Commonly Used Statistics
Federal OSHA coverage
Federal OSHA is a small agency; with our state partners we have approximately 2,100 inspectors responsible for the health and safety of 130 million workers, employed at more than 8 million worksites around the nation — which translates to about one compliance officer for every 59,000 workers.
Federal OSHA has 10 regional offices and 85 local area offices.
FY 2015: $552,787,000
FY 2016: $552,787,000
FY 2017: $595,023,000 (requested)
FY 2016 total federal inspections: 31,948
FY 2016 total State Plan inspections: 43,105
Worker injuries, illnesses and fatalities
4,836 workers were killed on the job in 2015 [https://www.bls.gov/news.release/cfoi.nr0.htm] (3.4 per 100,000 full-time equivalent workers) — on average, more than 93 a week or more than 13 deaths every day.
Construction's "Fatal Four"
Out of 4,379 worker fatalities in private industry in calendar year 2015, 937 or 21.4% were in construction — that is, one in five worker deaths last year were in construction. The leading causes of private sector worker deaths (excluding highway collisions) in the construction industry were falls, followed by struck by object, electrocution, and caught-in/between. These "Fatal Four" were responsible for more than half (64.2%) the construction worker deaths in 2015, BLS reports. Eliminating the Fatal Four would save 602 workers' lives in America every year.
- Falls — 364 out of 937 total deaths in construction in CY 2015 (38.8%)
- Struck by Object - 90 (9.6%)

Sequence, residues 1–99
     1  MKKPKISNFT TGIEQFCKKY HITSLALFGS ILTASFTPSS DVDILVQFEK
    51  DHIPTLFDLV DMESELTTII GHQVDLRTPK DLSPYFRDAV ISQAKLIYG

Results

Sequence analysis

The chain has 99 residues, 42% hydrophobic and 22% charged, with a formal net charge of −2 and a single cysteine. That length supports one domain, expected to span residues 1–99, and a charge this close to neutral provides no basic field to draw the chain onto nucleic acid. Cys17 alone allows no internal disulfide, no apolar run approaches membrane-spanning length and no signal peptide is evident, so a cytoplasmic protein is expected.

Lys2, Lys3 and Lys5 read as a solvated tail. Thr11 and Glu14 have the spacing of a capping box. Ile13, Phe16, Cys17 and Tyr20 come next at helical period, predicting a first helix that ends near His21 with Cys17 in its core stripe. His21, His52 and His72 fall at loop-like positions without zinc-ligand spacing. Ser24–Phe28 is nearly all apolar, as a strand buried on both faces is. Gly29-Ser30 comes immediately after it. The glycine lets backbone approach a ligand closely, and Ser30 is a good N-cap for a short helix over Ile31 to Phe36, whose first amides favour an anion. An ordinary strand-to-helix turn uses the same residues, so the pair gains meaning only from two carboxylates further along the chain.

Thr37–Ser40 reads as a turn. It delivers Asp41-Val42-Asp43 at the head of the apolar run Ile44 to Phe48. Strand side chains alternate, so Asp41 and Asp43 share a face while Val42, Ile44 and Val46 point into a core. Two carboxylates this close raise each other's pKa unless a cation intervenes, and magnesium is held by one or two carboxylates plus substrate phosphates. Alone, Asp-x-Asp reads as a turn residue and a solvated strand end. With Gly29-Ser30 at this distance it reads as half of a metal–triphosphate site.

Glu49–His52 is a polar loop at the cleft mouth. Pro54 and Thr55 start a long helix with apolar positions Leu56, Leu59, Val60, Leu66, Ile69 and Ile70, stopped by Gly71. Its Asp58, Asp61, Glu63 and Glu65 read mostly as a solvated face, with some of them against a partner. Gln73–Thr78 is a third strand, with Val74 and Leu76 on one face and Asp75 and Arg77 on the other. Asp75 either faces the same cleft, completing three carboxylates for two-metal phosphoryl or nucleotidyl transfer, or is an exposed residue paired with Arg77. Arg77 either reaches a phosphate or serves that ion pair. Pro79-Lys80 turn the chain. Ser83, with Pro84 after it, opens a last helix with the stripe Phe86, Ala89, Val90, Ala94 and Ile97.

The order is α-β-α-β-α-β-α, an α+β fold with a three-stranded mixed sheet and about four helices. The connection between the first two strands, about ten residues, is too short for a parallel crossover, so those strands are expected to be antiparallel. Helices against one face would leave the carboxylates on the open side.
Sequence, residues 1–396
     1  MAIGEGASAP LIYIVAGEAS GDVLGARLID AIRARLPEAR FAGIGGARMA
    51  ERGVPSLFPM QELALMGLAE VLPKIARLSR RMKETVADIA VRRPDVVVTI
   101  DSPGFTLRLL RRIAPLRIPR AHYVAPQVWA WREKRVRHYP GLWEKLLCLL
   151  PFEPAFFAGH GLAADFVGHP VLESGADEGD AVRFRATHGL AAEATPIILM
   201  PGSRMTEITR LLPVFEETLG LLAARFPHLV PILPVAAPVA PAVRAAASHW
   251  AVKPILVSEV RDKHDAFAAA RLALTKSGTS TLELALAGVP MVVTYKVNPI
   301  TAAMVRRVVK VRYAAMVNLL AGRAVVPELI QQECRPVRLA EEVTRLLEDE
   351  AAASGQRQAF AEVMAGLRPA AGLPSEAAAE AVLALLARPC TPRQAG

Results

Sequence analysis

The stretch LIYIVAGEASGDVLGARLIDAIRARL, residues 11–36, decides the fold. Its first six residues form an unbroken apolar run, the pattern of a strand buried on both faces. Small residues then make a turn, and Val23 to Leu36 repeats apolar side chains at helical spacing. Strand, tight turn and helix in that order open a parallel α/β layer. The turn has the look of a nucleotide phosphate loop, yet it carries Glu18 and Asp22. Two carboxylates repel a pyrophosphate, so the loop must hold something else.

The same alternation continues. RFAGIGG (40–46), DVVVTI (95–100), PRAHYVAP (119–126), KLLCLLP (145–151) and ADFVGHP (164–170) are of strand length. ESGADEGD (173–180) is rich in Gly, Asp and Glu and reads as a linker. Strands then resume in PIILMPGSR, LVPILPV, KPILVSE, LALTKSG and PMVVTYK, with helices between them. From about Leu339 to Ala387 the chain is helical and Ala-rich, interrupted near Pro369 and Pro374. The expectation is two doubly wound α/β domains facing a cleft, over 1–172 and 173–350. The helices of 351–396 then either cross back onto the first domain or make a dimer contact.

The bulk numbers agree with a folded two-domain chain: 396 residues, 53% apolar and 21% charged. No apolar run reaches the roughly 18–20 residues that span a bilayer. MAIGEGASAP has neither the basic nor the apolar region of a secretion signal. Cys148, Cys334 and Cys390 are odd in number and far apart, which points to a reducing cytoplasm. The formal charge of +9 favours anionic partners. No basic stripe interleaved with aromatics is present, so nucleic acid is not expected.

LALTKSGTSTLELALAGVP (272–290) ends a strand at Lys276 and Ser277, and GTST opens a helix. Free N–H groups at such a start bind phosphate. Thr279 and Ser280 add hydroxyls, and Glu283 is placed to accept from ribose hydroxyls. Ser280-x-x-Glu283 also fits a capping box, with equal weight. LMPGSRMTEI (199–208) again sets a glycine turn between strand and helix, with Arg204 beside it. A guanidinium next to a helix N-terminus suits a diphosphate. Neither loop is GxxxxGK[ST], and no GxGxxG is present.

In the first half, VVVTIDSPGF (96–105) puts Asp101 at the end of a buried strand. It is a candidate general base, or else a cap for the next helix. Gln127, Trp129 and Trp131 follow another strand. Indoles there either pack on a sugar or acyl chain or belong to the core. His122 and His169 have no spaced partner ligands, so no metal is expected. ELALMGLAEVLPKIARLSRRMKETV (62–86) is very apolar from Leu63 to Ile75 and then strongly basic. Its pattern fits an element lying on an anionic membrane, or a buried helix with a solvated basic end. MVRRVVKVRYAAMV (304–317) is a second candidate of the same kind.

- Electrocutions - 81 (8.6%)
- Caught-in/between* - 67 (7.2%)
(*This category includes construction workers killed when caught-in or compressed by equipment or objects, and struck, caught, or crushed in collapsing structure, equipment, or material)
Top 10 most frequently cited OSHA standards violated in FY2016
The following were the top 10 most frequently cited standards by Federal OSHA in fiscal year 2016 (October 1, 2015, through September 30, 2016):
- Fall protection, construction (29 CFR 1926.501) [related OSHA Safety and Health Topics page]
- Hazard communication standard, general industry (29 CFR 1910.1200) [related OSHA Safety and Health Topics page]
- Scaffolding, general requirements, construction (29 CFR 1926.451) [related OSHA Safety and Health Topics page]
- Respiratory protection, general industry (29 CFR 1910.134) [related OSHA Safety and Health Topics page]
- Control of hazardous energy (lockout/tagout), general industry (29 CFR 1910.147) [related OSHA Safety and Health Topics page]
- Powered industrial trucks, general industry (29 CFR 1910.178) [related OSHA Safety and Health Topics page]
- Ladders, construction (29 CFR 1926.1053) [related OSHA Safety and Health Topics page]
- Machinery and Machine Guarding, general requirements (29 CFR 1910.212) [related OSHA Safety and Health Topics page]
- Electrical, wiring methods, components and equipment, general industry (29 CFR 1910.305) [related OSHA Safety and Health Topics page]
- Electrical systems design, general requirements, general industry (29 CFR 1910.303) [related OSHA Safety and Health Topics page]
For more information on OSHA's Top Ten Citations, read the Oct. 18, 2016 blog.
OSHA is Making a Difference
- In more than four decades, OSHA and our state partners, coupled with the efforts of employers, safety and health professionals, unions and advocates, have had a dramatic effect on workplace safety.
- Worker deaths in America are down-on average, from about 38 worker deaths a day in 1970 to 13 a day in 2015.
- Worker injuries and illnesses are down-from 10.9 incidents per 100 workers in 1972 to 3.0 per 100 in 2015.